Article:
Deane told physicsworld.com that the discovery demonstrates the power of VLBI to differentiate between multiple objects in systems that are huge distances from Earth. Before the latest discovery, a pair of supermassive black holes with the closest orbit (about 7 parsecs apart) was spotted in a galaxy some 750 million light-years from Earth. “Our system is 4.2 billion light-years away, which is much more distant than the closest known pair, demonstrating that the VLBI technique can be used to probe close black-hole pairs across a fair fraction of cosmic time,” he says.
    Spinning jets

    The presence of the bound pair was also revealed via a much more prominent feature – the large-scale radio jets emanating from the black holes. Such astrophysical jets are a common feature of supermassive black holes – accreted matter collecting around the event horizon of the black hole is ejected along its axis of rotation as it tries to fall into the hole. The triple system has three such jets, and Deane and colleagues found that the presence of the tight pair is imprinted onto the properties of the jets. Indeed, the orbital motion of the black holes in the pair twists the jets into a helical or corkscrew-like “S” shape. This provides astronomers with a “smoking gun” for a binary black-hole system that could be used in future searches.

    Deane also points out that this extreme triple system could be creating gravitational waves – ripples in the very fabric of space–time. Future telescopes, such as the Square Kilometre Array, should be able to detect these ripples for black holes that are even closer together. “It fills me with great excitement as this is just scratching the surface of a long list of discoveries that will be made possible with the Square Kilometre Array,” Deane says.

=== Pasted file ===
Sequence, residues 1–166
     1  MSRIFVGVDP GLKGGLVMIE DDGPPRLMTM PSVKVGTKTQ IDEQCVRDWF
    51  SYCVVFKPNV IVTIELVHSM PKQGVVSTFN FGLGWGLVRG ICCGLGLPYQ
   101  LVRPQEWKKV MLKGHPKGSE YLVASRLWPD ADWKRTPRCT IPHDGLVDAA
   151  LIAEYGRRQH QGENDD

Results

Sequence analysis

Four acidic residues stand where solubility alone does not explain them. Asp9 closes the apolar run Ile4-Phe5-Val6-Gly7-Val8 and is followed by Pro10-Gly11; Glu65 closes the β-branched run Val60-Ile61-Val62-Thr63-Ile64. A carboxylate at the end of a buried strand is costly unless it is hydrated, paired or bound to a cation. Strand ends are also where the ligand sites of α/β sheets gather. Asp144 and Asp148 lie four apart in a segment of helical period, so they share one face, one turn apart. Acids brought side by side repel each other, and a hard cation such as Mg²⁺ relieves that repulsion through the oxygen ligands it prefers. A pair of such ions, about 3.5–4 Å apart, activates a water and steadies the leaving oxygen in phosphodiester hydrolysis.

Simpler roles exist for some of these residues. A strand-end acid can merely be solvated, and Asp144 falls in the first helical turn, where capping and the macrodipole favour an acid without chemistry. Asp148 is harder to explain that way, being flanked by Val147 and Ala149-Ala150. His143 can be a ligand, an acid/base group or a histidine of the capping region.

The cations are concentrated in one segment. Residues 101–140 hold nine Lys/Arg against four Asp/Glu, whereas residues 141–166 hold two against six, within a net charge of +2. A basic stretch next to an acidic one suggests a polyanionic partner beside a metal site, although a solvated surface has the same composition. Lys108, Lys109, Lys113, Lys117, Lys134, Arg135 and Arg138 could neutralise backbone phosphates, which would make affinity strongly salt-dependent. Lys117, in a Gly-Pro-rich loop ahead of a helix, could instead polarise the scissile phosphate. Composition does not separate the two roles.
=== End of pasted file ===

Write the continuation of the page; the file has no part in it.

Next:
The research is published in Nature.

    See the full article here.

    See also this article from iafrica, which, to me, confuses this issue. This article credits SKA, makes no mention of the European VLBI.

    PhysicsWorld is a publication of the Institute of Physics. The Institute of Physics is a leading scientific society. We are a charitable organisation with a worldwide membership of more than 50,000, working together to advance physics education, research and application.

    We engage with policymakers and the general public to develop awareness and understanding of the value of physics and, through IOP Publishing, we are world leaders in professional scientific communications.
    IOP Institute of Physics